An older gentleman slightly turned to the left looks sombrely out of a painting. A high-collared, white shirt is peeking out from under the black coat. The medal of the Order of Saint Anna hanging on a red ribbon around his neck and the Cross of the Order of Saint Vladimir on his chest speak of the appreciation of the Emperor. His grey hair is combed back. The man immortalised on the canvas is Johan Agapetus Törngren (1772–1859). The Object of the Month is an instrument purse that used to belong to him.
From the army to medical profession
Törngren’s origins were humble. His parents were Sergeant Johan Jacob Törgren from the Nyland Infantry Regiment and Beata Kristina Malin, housekeeper at Kiiala Manor. Törngren was a student at Borgå Gymnasium in Porvoo when the war between Sweden and Russia broke out in 1788. Törngren was recruited into Gustav III’s army as an assistant to the Chief Surgeon Johannes Theophilus Nathorst, and as a result of the good instruction received from him, Törngren advanced to the position of assistant physician at a military hospital in Porvoo. After the war Törngren continued his career as a barber surgeon but also managed to complete his upper secondary education, which had been cut short by the war. A Haartman scholarship, 600 copper dalers a year, opened the doors to academic studies in Stockholm. The studies were followed by conferral as a Doctor of Medical Science in 1802 and the degree of a Master of Surgery the next year.
Törngren’s instrument purse was manufactured in the early 1800s. The purse is made of brown silk and is lined with velvet. Could the delicate floral motif adorning the purse have been embroidered by Törngren’s wife Eva Agatha, née Helsingberg? Together with the purse, the museum also received old instruments: a spatula, a catheter, a pair of sponge forceps, a couple of probes, curved needles for stitching wounds and two small lancets. Silk suture thread packaged in a cardboard container is likely a later addition made after Törngren’s time.
An illustrious career as a physician waited for Törngren in Finland. In the early 1800s he was appointed chief barber surgeon of Turku, assistant to the professor of medicine at the Academy of Turku and anatomical prosector, performing autopsies. Already in the 1810s, his career had advanced to the posts of Turku’s chief physician, chief surgeon and professor of medicine. In addition, he ran a successful private practice. He also accumulated land. In his Laukko Manor, Törngren and his wife hosted, among others, Elias Lönnrot while the latter was putting his finishing touches on The Kalevala.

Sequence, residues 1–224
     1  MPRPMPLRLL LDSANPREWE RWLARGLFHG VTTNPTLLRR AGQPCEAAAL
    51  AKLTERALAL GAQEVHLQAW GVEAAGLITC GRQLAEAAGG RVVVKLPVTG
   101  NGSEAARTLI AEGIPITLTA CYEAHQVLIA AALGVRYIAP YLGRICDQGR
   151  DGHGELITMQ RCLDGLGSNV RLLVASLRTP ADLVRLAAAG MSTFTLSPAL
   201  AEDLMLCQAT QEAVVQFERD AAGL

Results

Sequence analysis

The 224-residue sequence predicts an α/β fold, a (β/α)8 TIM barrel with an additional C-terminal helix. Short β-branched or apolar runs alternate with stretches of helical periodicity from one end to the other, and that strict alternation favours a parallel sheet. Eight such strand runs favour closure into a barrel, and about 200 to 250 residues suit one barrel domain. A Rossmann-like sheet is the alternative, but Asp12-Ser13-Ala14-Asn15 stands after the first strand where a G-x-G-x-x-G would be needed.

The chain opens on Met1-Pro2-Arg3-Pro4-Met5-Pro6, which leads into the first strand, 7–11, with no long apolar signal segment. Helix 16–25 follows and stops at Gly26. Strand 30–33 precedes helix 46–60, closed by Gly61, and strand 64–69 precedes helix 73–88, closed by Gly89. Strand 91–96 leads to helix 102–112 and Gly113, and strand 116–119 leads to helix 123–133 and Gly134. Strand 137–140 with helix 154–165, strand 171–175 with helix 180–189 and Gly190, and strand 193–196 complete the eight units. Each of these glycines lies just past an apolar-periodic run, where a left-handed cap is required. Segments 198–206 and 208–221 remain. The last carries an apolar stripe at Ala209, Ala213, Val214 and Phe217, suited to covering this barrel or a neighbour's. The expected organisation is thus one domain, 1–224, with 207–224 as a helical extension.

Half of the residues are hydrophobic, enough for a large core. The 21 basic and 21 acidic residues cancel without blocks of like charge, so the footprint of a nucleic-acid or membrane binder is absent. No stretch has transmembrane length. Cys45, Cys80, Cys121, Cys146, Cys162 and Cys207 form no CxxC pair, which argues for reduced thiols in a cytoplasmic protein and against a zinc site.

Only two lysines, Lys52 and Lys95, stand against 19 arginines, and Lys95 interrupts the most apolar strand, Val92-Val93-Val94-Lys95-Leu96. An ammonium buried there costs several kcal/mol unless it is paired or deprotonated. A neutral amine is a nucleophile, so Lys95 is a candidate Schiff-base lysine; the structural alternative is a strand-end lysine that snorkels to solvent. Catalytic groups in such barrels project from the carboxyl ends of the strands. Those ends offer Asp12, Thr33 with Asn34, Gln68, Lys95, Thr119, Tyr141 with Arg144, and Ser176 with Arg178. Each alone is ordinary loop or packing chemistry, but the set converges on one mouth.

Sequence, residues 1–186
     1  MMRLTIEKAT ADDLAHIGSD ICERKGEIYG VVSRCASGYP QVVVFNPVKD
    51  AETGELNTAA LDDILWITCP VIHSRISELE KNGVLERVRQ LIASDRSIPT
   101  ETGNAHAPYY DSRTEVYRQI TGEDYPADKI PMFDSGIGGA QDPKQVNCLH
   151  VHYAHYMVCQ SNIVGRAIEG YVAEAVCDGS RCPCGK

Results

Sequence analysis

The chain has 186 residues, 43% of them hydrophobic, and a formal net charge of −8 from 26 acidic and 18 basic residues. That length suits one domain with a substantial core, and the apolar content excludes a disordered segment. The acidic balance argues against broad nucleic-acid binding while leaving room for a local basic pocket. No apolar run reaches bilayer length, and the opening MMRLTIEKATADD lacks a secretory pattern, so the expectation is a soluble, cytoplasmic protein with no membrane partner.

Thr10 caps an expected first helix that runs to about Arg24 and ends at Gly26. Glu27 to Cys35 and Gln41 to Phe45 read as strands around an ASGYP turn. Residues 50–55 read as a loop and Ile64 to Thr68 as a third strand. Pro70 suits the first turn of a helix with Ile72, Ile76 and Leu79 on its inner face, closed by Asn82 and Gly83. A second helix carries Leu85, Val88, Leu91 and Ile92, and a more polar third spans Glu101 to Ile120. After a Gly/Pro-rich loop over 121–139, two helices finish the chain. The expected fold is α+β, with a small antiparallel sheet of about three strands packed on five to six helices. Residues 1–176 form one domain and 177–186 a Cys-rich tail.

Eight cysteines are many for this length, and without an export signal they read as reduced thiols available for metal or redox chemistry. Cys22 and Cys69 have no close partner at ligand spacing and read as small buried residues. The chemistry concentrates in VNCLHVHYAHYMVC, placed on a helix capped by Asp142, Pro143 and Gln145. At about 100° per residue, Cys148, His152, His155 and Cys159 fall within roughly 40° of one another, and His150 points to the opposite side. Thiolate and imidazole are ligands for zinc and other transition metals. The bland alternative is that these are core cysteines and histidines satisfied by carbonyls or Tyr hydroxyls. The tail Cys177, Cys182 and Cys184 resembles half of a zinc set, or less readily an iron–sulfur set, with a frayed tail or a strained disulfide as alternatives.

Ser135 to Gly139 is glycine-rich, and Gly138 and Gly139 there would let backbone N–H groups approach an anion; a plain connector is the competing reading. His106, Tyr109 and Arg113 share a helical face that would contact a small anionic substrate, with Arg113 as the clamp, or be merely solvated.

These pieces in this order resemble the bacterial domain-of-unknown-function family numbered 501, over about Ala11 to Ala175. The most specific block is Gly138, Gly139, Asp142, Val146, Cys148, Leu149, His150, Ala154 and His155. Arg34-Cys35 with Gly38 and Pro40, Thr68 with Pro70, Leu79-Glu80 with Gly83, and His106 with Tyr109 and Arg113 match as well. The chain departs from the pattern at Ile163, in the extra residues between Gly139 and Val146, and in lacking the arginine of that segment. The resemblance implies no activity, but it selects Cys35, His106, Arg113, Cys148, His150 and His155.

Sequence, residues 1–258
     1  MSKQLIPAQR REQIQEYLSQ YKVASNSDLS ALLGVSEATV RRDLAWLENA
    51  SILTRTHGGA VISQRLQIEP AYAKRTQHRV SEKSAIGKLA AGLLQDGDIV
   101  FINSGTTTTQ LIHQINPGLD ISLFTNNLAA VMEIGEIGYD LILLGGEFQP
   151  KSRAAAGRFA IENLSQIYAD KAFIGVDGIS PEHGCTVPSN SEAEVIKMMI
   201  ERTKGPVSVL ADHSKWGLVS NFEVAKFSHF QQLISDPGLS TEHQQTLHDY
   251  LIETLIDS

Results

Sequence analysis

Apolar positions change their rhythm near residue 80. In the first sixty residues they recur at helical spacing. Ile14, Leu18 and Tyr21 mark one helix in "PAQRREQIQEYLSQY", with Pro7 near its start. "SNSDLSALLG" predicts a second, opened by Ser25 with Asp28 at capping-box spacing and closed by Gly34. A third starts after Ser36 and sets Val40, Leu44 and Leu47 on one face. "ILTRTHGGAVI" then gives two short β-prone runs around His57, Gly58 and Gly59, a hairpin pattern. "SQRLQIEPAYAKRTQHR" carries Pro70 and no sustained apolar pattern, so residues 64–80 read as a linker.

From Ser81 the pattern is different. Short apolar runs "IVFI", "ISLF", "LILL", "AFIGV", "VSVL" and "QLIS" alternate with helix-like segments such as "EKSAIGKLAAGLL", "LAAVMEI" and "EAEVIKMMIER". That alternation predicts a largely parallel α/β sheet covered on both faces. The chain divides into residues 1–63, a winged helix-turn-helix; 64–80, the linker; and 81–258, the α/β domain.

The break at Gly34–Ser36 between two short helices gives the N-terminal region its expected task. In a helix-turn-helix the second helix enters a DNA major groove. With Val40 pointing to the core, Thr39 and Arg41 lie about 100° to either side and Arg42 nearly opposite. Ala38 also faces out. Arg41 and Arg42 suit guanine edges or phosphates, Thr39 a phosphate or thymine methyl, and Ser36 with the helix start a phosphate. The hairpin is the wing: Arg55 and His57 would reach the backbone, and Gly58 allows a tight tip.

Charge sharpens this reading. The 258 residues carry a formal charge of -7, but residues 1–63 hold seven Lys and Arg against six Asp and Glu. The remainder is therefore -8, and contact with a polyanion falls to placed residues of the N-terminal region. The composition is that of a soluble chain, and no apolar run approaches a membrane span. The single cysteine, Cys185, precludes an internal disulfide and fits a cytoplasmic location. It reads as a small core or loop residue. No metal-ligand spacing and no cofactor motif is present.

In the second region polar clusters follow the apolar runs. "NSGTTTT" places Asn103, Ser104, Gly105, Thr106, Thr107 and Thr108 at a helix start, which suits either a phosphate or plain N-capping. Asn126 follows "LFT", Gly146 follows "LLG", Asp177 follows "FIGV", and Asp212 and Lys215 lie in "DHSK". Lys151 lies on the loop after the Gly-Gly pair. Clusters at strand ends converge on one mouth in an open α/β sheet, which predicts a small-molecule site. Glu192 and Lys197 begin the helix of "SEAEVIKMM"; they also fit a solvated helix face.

In 1800s smallpox was a feared disease. Approximately 15 to 30% diagnosed with it died, and those who recovered were scarred for life. The disease also caused blindness, deafness and kidney damage. The prevention of smallpox through inoculation, or smallpox that was artificially implanted, was known in India as long as 2,000 years ago. The method spread to Europe during the 18th century. Smallpox caused in this manner was usually considerably milder than that transmitted through regular means and gave immunity to the disease. The first inoculation of smallpox in the Swedish Empire was performed in Turku by Province Physician Johan Haartman on the daughter of the Professor of Medicine Johan Leche in 1754. However, smallpox inoculation was far from a risk-free procedure, since the mild pox caused by it was contagious. Moreover, around 2% of those inoculated died. Indeed, a smallpox vaccine based on cowpox invented by the English physician Edward Jenner soon displaced smallpox inoculation from the 1790s on. Smallpox is the first disease that has been eradicated from the world through inoculation. The World Health Organization WHO declared the disease eradicated in 1980.
The new smallpox vaccination was quickly deployed also in Finland. Due to the high mortality rate of smallpox, vaccination was seen as the key means of promoting population growth and consequently the enrichment of the country. This is why the Finnish Economic Society took upon itself to organise the vaccinations. The society selected Törngren as the general inoculator responsible for manufacturing the vaccine and sending it to provincial physicians. With an imperial proclamation, the responsibility for inoculations was transferred completely to medical authorities in 1825. In the same year Törngren was appointed the chair of Collegium Medicum, which monitored the hospital administration, physicians’ licences and pharmacy operations. Upon his retirement in 1833, Törgren was bestowed the title of archiatre.
The lancets from Törngren’s instrument purse are currently on display in the “A Matter of Time” exhibition’s section on inoculation in the Helsinki Observatory. Observatory opens to the public again on 25th June, welcome!
Katariina Pehkonen, curator
Translation: University of Helsinki Language Services.
Johan Törngren in the National Biography (in Finnish only): https://kansallisbiografia.fi/kansallisbiografia/henkilo/3672
Eva Agatha Törngren in the National Biography (in Finnish only): https://kansallisbiografia.fi/kansallisbiografia/henkilo/502
History of Collegium Medicum (in Finnish only): http://www.saunalahti.fi/arnoldus/collmedi.html
Pelätty pelastaja (‘Feared saviour’) online exhibition (in Finnish only): https://www.helsinki.fi/fi/helsingin-yliopistomuseo/nayttelyt/pelatty-pelastaja-rokotuksen-historiaa
Information on smallpox on the website of the Finnish Institute for Health and Welfare (in Finnish only): https://thl.fi/web/infektiotaudit-ja-rokotukset/taudit-ja-torjunta/taudit-ja-taudinaiheuttajat-a-o/isorokko